A Comparative Look at Vicarious Liability for Intentional Wrongs and Abuses of Power in Canadian Law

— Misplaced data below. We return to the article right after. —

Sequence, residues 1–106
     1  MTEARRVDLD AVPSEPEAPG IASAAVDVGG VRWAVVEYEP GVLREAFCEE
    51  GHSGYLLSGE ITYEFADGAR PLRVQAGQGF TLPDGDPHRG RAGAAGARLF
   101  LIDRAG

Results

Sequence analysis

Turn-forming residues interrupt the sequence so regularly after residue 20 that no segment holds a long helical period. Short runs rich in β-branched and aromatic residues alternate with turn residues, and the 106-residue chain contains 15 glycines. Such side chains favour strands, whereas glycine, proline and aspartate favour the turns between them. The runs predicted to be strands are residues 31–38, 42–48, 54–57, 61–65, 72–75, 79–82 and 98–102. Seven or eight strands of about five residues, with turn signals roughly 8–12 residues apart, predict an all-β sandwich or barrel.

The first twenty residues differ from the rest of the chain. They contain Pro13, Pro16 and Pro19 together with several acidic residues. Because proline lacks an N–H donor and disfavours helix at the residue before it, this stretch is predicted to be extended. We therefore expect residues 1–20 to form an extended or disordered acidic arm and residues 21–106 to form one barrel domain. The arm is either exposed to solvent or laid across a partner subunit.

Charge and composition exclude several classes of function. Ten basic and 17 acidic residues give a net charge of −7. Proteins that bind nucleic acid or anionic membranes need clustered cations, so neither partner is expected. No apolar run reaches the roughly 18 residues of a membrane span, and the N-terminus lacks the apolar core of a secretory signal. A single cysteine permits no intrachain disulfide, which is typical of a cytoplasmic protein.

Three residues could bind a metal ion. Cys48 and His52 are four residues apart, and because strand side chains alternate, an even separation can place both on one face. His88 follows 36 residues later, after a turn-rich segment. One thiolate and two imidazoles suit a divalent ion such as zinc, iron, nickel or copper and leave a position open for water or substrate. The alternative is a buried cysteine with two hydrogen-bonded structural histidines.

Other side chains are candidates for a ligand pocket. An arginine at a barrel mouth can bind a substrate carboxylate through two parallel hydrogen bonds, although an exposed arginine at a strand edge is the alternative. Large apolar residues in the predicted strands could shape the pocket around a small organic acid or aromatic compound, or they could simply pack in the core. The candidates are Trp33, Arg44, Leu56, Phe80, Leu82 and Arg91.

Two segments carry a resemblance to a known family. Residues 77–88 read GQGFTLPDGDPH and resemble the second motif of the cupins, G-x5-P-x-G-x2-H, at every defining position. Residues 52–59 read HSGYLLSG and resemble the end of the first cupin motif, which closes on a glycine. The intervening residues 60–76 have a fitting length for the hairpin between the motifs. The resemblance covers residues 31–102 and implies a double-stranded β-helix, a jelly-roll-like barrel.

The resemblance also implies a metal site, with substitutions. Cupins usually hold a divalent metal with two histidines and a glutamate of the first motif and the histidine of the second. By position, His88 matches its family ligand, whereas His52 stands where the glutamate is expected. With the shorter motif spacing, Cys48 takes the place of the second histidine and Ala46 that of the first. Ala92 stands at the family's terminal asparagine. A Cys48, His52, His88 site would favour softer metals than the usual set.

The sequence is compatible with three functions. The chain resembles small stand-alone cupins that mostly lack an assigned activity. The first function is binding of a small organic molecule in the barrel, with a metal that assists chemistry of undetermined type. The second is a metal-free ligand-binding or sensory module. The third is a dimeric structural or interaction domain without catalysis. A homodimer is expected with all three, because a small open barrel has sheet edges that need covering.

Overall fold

This paper examines the theoretical underpinnings of vicarious liability in the Canadian common law as well as in Quebec’s civil law tradition. It then goes on to trace how each legal tradition has responded to employees’ intentional wrongdoing. More specifically, the paper analyses the scope of employment in cases of fraud, theft and sexual violence. The paper then identifies a developing trend in Quebec’s law through which judges adopt the approach of the common law in an attempt to find liability where the traditional civilian test is of no use. Ultimately, a comparison between the civilian approach and the common law approach is made. This paper argues that the common law approach is more responsive to the policies justifying the institution of vicarious liability and that Quebec courts should be more willing to adopt this.